Study: More Blunt Wraps Sold in Legal Marijuana Markets
Today we’re discussing a small research study with potentially large implications for the health, marijuana, and other industries. We ask: Are more blunt wraps sold where marijuana is legal? Also, what does this mean for the cannabis industry? What are changing perceptions and attitudes towards cannabis laws really affecting? Do some changes increase the risk of damage? Do They Discount Concerns? Are you reorganizing your knowledge of health? Does this affect the amount of thought you put into a decision?
Talk about a “meet the blunt” question …
Blunts: The American spliff
The rolling of sheet into sheet or paper – what we now know as joints, blunt or spliff – has spread and adopted in cultures from Taiwan to Tallahassee. The introduction of rolled tobacco, commonly known as cigarettes, is a phenomenon with popularity that arose in the 16th century when numerous European powers tried to consolidate resources from distant lands.
This was the European period of imperialism. The ability to grow, ignite and inhale tobacco was first discovered in America.
While whistles were found in cultures that ruled the world hundreds of years before imperialist movements, the rolling of plant material in leaves was an innovation in America.
A blunt cannabis is wrapped in tobacco leaves. So I ask: What evolutionary and cultural forces led to the combined consumption of a smoked substance and another?
In Europe, it is common for the mixture of cannabis and tobacco to be rolled in a paper. In the US, tobacco leaves are more likely to be used than paper, rather than tobacco being put in the paper. Exempt cigarillos most often fulfill this function.
Cigarillos are inexpensive, small to medium-sized cigars that are often available in packs of 2 or 3. They come in numerous brands, styles, and flavors. Frequently, consumers remove tobacco from cigarillos by carefully tearing the wrapper, emptying the tobacco, and replacing it with cannabis. To close the cigarillo or wrap again, the wrap is licked along the previously cut seal seam.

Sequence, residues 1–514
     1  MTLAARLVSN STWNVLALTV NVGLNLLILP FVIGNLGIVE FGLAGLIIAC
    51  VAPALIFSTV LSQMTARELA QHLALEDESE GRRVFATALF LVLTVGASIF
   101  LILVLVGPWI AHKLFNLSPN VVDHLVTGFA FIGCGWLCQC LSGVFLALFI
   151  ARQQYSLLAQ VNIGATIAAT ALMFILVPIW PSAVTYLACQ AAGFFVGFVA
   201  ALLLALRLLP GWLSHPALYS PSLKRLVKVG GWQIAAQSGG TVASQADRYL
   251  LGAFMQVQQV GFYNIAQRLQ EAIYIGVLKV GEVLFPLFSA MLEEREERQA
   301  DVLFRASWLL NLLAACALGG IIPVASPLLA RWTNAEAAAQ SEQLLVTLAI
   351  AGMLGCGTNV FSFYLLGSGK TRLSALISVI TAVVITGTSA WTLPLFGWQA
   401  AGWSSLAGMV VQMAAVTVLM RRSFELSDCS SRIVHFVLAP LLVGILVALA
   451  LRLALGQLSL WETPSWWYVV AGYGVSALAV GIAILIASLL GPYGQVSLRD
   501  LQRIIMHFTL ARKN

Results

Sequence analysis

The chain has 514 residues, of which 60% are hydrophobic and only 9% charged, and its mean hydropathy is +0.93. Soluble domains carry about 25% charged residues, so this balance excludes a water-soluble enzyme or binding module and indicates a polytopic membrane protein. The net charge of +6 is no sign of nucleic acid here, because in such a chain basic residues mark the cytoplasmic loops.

National averages and recreational outliers of blunt wraps sold
The study published in the Journal of Drug and Alcohol Dependence entitled “Cigarillo Sales in Legalized Marijuana Markets in the United States” was published in February 2018. The analysis was conducted using 2016 Nielsen market data collected on tobacco purchases in various store formats. These include gas stations, liquor stores, supermarkets, and other tobacco merchants.
Data from the legal marijuana markets of Denver, Seattle, and Portland helped with this blunt study. Researchers ruled out the Black & Mild brand and concluded that they are rarely used to make blunts.
Main Findings: Denver
In 2016, Denver cigarillos and wraps sales were $ 19.9 million. Cigarillo wraps (the wraps themselves without tobacco) sold 300 percent higher than the national average (11.4 percent and 2.8 percent, respectively).
Swisher branded packages with two or three counts and blunt packaging were sold at 34.8 percent and 28.1 percent, 6.7 percent above the national average.
The average price per package (two or three count) in Denver was similarly 19 percent higher than the national average ($ 1.61 and 1.33).
Key takeaways: Seattle
In 2016, the number of cigarillos and blunt wraps sold in Seattle was $ 25.71 million.
Unlike Denver, the sales volume of wraps (unfilled) was 112 percent of the national average of 2.8 percent.
Like Denver, Seattle surpassed the national average for Swisher-branded blunt wraps sold. While the national average is 28.1 percent, Swisher branded products account for 59.1 percent of all cigarillos sales in Seattle.
The average package price in Seattle is $ 1.67, which is 126 percent of the national average of $ 1.33.
Main Findings: Portland
Portland cigarillos sales totaled $ 11.97 million in 2016.
Like both Denver and Seattle, Portland sold more cigarillos than the national average, but only 0.2 percent.
Swisher branded blunt wraps sold over 175 percent of the national average, accounting for 52.1 percent of all cigarette sales, while the national average is 28.1 percent.
Portland has the highest cost per package of any market observed. The median price in Portland is $ 1.92, a 31 percent markup.
The learning curve and public health
When tobacco and marijuana are consumed together, as is the case with blunts and spliffs, the health consequences are not well understood; the long-term effects have received little or no scientific research.
So where do we go from here?
Studying the number of blunt wraps sold in legal marijuana states is only part of a larger effort to monitor public health and anti-smoking initiatives. Despite evidence that cannabis has minimal long-term effects, the inclusion of tobacco could potentially lead to poorer health outcomes.
In Denver, Portland and Seattle, cigarillos and blunt wraps sold exceeded the national average. The price per package for all three locals was similarly higher than the national average. Finally, Swisher-branded cigarillos and blunt wraps sold above the national average in all markets, nearly doubling in Portland and Seattle.
It is worth watching as the cannabis industry is facing explosive growth and adjustment.